Hi, I am considering a revision rhinoplasty because I have an inverted V deformity and it hurts my breathing. Two surgeons I have consulted have said that I don't have enough septal cartilage remaining, and that the ear cartilage is not strong enough so they want to use rib cartilage. I was wondering how successful rib cartilage spreader grafts have been and the potential complications. Thanks
Rib Cartilage Used As Spreader Grafts - How Likely Are the Complications?
Doctor Answers 9
Rib grafts are often the foundation for a revision rhinoplasty
That bold statement is my personal observation after performing several hundred rib graft revision rhinoplasties. I find the strong straight pieces of rib to be excellent for rebuilding the bridge of the nose that has collapsed and formed an inverted "V" deformity after a rhinoplasty. We rarely see complications with the use of rib grafting. On a female the scar is nearly invisible as we place it in the same location as plastic surgeons use to place breast implants. The biggest patient complaint is soreness in the chest for several weeks after to cartilage is harvested. The most difficult part of the surgery is deciding how to carve the grafts themselves. One wants them to be large enough to correct the collapsed area without making the nose look too big or wide. I think that there is some resorption over time and I try to make the grafts slightly over large to compensate for this.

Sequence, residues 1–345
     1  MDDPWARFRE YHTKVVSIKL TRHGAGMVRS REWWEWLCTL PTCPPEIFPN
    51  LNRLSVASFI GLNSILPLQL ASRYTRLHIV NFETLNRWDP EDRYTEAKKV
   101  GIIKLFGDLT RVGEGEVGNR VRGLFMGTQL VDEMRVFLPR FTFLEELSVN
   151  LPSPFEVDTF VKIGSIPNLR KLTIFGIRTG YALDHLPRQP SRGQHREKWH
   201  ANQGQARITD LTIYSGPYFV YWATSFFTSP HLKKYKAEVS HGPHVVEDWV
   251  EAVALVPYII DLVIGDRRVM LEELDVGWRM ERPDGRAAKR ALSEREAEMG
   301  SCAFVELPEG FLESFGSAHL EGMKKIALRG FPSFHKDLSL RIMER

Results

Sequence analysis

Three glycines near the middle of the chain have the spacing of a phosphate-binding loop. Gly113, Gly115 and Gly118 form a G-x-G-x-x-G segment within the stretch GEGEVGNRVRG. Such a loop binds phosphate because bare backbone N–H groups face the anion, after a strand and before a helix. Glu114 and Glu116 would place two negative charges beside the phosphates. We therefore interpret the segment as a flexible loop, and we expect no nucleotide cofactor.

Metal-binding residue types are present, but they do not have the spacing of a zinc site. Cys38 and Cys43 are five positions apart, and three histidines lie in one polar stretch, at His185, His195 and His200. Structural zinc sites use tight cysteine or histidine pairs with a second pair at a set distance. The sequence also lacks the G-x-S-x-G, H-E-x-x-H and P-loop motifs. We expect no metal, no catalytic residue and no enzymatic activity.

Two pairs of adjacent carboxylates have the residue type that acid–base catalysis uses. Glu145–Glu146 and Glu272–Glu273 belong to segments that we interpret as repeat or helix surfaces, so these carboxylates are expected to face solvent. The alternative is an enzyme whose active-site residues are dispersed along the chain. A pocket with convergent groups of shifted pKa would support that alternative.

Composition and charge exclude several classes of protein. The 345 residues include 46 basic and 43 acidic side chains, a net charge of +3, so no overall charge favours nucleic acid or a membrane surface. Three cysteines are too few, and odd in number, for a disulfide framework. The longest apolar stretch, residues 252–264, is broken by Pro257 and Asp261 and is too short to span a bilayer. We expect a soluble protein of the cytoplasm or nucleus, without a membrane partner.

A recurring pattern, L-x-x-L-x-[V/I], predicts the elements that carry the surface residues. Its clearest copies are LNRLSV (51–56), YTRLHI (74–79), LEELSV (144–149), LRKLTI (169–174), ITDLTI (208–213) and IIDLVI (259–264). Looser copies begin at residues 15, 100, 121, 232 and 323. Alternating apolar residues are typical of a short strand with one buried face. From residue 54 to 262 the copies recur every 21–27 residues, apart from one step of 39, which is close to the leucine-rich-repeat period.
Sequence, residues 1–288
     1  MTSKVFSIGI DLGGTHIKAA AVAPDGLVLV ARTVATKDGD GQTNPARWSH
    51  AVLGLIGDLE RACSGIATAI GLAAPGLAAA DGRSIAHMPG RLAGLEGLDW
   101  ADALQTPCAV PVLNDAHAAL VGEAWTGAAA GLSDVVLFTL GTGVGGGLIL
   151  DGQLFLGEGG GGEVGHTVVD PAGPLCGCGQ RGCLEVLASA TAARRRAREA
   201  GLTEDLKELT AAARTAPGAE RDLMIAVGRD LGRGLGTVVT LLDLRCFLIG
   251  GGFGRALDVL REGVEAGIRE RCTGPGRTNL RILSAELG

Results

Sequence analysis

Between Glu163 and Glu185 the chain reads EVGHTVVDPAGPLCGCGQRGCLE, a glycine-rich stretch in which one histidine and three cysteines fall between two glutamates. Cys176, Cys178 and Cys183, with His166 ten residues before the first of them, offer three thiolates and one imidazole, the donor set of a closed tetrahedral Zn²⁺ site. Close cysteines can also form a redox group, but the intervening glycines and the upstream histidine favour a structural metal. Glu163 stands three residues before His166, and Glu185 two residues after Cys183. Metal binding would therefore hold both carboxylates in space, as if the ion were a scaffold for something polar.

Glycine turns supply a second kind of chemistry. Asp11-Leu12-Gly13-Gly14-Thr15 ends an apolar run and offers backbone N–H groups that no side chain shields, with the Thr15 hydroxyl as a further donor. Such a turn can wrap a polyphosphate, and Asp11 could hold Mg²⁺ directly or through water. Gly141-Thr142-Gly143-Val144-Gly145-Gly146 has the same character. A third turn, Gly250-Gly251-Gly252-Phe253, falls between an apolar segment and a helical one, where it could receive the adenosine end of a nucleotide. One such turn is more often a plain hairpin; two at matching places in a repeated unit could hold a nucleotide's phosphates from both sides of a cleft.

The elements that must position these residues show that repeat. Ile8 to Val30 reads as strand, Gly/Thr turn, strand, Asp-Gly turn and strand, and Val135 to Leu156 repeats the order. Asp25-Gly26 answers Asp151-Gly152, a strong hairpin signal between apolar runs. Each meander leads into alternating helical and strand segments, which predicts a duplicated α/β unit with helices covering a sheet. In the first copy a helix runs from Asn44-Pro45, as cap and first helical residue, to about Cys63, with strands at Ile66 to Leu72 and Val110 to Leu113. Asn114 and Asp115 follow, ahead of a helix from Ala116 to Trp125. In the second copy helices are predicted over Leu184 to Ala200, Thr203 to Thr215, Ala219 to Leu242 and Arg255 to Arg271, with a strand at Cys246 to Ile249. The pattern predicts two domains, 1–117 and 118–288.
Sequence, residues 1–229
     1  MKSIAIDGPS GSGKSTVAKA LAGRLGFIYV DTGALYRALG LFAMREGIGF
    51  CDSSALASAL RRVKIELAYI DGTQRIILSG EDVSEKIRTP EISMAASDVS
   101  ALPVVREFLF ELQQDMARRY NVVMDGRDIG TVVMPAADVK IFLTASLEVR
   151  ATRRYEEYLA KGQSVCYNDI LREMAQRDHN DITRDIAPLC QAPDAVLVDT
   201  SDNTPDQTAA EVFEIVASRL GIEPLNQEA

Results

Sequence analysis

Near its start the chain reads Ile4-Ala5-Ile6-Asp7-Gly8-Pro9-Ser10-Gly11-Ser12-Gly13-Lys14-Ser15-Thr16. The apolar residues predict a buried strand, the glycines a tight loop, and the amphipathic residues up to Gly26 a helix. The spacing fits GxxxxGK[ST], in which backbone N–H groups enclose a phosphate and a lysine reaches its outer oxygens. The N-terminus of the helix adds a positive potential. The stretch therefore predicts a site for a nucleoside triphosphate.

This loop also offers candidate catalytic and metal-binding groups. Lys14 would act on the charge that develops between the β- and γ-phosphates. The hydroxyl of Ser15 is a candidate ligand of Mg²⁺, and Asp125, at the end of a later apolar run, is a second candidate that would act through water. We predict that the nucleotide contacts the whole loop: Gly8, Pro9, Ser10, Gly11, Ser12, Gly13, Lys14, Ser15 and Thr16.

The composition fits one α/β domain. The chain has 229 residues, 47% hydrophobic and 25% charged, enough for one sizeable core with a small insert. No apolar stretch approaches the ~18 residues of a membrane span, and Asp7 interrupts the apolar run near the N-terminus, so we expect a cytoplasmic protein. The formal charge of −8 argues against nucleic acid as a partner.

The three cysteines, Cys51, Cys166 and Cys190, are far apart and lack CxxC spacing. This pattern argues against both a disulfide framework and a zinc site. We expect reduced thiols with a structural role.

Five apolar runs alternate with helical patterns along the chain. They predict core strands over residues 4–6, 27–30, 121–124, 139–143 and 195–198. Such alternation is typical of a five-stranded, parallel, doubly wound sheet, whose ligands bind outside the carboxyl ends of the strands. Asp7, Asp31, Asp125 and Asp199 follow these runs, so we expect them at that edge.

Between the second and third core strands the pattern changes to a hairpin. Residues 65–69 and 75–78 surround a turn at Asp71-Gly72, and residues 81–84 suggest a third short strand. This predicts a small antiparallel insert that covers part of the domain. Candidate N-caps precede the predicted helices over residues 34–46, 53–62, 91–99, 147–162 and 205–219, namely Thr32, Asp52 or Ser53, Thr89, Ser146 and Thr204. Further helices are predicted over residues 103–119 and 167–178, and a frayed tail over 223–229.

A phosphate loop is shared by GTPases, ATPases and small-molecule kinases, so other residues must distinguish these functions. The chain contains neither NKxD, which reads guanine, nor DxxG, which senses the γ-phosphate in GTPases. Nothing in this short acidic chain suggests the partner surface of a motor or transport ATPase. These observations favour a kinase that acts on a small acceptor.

I feel strongly about using only natural materials in the nose during rhinoplasties. There is less risk of extrusion and infection with natural grafts over the use of synthetic or non-living tissue grafts. We have a very high success rate with the use rib grafts in revision rhinoplasties. We have never had an infection, extrusion or warping when these grafts are used to correct inverted "V" deformities.
I think the most important thing to consider when undergoing a revision rhinoplasty with rib grafts is the selection of an experience surgeon who can show you typical results with before and after photos.
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Complications of rib cartilage grafts
The inverted V deformity can be addressed through multiple techniques such as spreader grafts and osteotomies. It is better to have ear cartilage used as spreader grafts since there is much less trauma and complications that can occur with rib. Rib cartilage will tend to warp over time and make the nose very stiff. Another potential complication with a rib graft is the possibility of collapsing a lung when the cartilage is harvested from the ribs, in which case the patient will require a chest tube and hospitalization. Ear cartilage grafts are very useful for spreader grafts and work quite well.
Rib cartilage for spreaders
Rib is a great source of cartilage for spreader grafts when septal cartilage is not available - ear cartilage is OK for correction of a contour deformity but lacks enough strength to correct a significant inverted V
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Donor Irradiated Rib Cartilage
Irradiated rib cartilage is procured from expired human donors and is irradiated to remove any causes for disease transmission or tissue rejection. Recently a long-term, landmark study was published describing the excellent reliability and consistency of irradiated rib grafts for patients who do not have enough septal cartilage and do not want to use their own ribs (see abstract link below).
Rib cartilage and spreader grafts for revision